TORONTO, Feb. 6, 2017 /CNW/ - "Anyone with the barest knowledge of recovery knows timely help is a matter of life and death," said Lawrence Knight. Knight's struggle to list agnostic groups with the Toronto A.A. Intergroup ultimately led him to the Human Rights Tribunal of Ontario.
On January 18, 2017, representatives of the Greater Toronto Area Intergroup, Knight and A.A. World Services Inc. and the General Services Board of Alcoholic Anonymous Inc. met to formally resolve Knight's human rights claim. Lawrence Knight is ecstatic. "This is huge. There can be no doubts for A.A. chapters around the world - a desire to be sober really is the only requirement."
Knight and GTA Intergroup agree that it is not A.A.'s practice to exclude anyone, including A.A. groups, based on creed: "All groups, regardless of their belief system form part of the A.A fellowship. The only requirement for A.A. membership is a desire to stop drinking and any two or more people who come together for the purpose of being sober may call themselves an A.A. group, as long as they have a desire to be sober, and provided they have no outside affiliation".
GTA Intergroup has re-affirmed that any A.A. group in the Greater Toronto Area that acknowledges or adopts the suggested 12 Steps and 12 Traditions of Alcoholics Anonymous can be recognized as a member of Intergroup with the right of representation on The Floor of Intergroup, regardless of how their members interpret and apply those steps in their own lives.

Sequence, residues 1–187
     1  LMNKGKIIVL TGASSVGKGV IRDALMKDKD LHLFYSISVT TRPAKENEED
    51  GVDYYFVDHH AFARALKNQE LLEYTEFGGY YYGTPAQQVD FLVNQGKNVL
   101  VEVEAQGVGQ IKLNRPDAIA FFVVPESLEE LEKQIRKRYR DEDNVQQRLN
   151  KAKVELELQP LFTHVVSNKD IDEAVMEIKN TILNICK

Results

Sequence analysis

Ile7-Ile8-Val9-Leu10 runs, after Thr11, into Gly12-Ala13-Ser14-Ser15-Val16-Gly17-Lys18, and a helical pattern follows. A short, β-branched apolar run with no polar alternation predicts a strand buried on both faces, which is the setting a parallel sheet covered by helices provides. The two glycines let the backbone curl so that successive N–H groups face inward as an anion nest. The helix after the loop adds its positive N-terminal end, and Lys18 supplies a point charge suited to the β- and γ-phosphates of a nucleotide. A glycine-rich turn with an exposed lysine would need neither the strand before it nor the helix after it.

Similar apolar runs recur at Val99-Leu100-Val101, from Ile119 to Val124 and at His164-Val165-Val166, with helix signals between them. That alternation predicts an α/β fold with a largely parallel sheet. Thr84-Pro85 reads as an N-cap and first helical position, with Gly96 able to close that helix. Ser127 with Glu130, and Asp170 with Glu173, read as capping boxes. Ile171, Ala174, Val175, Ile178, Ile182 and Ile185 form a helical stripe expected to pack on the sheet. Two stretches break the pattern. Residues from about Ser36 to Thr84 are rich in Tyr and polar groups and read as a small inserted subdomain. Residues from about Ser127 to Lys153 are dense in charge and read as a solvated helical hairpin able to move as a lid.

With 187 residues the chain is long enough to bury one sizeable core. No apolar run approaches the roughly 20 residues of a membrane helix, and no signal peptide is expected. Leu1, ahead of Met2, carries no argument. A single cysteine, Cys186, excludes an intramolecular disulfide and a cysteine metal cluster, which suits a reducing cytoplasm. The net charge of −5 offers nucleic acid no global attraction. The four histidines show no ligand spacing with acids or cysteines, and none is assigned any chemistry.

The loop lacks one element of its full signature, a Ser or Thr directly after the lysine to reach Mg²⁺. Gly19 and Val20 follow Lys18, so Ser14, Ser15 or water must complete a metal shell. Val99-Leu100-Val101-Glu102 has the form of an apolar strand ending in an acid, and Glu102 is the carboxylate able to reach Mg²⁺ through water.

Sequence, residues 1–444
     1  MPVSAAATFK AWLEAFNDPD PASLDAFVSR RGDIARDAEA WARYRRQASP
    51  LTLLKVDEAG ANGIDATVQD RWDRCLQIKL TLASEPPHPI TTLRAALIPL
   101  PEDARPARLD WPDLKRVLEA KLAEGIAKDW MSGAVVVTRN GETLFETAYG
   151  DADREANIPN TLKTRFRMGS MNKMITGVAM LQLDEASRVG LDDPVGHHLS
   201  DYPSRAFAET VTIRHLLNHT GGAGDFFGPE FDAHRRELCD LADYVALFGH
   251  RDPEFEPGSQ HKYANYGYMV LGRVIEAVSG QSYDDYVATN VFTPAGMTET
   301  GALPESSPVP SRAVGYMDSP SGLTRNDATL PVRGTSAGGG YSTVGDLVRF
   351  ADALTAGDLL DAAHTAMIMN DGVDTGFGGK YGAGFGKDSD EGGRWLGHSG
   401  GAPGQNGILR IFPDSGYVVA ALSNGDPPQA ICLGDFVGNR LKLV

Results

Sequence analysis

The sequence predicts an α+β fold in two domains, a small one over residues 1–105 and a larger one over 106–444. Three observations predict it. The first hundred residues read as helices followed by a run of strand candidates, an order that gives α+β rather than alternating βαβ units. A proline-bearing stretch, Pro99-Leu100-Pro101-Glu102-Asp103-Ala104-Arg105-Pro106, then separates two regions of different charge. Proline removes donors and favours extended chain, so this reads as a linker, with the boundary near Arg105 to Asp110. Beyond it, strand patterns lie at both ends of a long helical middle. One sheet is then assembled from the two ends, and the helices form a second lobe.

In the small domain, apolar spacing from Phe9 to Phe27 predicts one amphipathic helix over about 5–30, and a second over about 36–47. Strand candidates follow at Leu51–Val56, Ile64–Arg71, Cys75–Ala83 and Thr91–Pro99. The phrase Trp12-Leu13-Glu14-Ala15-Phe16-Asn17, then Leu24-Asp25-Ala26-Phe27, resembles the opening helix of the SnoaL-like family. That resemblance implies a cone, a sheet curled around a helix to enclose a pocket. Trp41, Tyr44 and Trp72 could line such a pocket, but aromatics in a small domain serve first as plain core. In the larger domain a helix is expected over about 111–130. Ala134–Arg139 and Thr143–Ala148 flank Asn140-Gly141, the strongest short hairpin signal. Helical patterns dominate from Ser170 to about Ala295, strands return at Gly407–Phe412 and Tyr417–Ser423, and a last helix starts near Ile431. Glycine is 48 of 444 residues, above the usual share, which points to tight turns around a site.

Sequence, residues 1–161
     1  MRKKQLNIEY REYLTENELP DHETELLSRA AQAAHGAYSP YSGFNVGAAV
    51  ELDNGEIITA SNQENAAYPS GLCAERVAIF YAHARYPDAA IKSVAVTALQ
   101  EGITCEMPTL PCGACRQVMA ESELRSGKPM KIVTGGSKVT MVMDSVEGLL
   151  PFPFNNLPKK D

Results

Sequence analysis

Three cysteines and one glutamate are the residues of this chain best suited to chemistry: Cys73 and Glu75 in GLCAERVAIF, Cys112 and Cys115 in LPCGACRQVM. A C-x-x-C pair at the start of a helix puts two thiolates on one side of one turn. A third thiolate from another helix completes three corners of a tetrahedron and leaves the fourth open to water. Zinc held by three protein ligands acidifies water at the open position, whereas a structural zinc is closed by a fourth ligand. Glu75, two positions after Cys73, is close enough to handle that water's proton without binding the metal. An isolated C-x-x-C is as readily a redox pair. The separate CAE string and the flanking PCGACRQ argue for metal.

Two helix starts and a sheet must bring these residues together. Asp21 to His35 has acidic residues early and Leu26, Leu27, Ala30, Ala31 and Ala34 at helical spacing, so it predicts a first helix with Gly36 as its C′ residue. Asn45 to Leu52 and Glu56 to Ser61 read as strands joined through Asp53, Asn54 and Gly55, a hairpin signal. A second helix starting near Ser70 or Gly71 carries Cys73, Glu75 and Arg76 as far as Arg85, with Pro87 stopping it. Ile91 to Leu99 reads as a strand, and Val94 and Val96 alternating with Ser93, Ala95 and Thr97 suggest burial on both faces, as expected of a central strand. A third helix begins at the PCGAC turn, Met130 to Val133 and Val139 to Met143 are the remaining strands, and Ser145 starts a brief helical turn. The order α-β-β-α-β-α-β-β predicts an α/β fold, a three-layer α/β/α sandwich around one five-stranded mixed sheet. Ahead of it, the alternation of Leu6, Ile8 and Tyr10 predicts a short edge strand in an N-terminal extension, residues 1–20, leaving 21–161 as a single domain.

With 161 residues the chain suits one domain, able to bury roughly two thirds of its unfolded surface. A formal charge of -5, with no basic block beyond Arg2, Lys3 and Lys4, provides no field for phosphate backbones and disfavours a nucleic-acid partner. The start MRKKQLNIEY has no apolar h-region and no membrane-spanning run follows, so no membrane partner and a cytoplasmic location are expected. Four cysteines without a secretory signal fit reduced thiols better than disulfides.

Mr. Knight said, "Many groups, such as Chicago's Quad A have been running agnostic A.A. groups continuously for over 35 years acknowledging or adopting the traditional 12 Steps and 12 Traditions of Alcoholics Anonymous and state unequivocally their membership is open to 'all people with a desire to stop drinking. There are no further qualifiers or disqualifiers.'"
As noted on the Quad A web site, "The atheist, agnostic and freethinkers meetings function no differently than other A.A. meetings - allowing recovering alcoholics to gather on a regular basis as autonomous groups. We share and learn how to live sober and rewarding lives."
Given this understanding between the parties, the Greater Toronto Area Intergroup representatives have indicated the groups that were removed from the meeting lists in 2011 can be re-listed.
Megan Evans Maxwell, Knight's lawyer from the Human Rights Legal Support Centre, was "thrilled to support Larry's tenacity and passionate advocacy. There is no question in my mind. What Larry did was save lives."
The Human Rights Legal Support Centre provides free legal assistance to people in communities across Ontario who have experienced discrimination contrary to Ontario's Human Rights Code.
GTA Intergroup is the body of Alcoholics Anonymous in The Greater Toronto Area that serves as a forum for discussion and a focus for cooperation and coordination among AA groups in the GTA in carrying the message of Alcoholics Anonymous to the suffering alcoholic. There are more than 117,700 A.A. groups around the world.
SOURCE Human Rights Legal Support Centre
For further information: Kate Sellar, Human Rights Legal Support Centre 416-597-4942, Mobile: 416-452-9506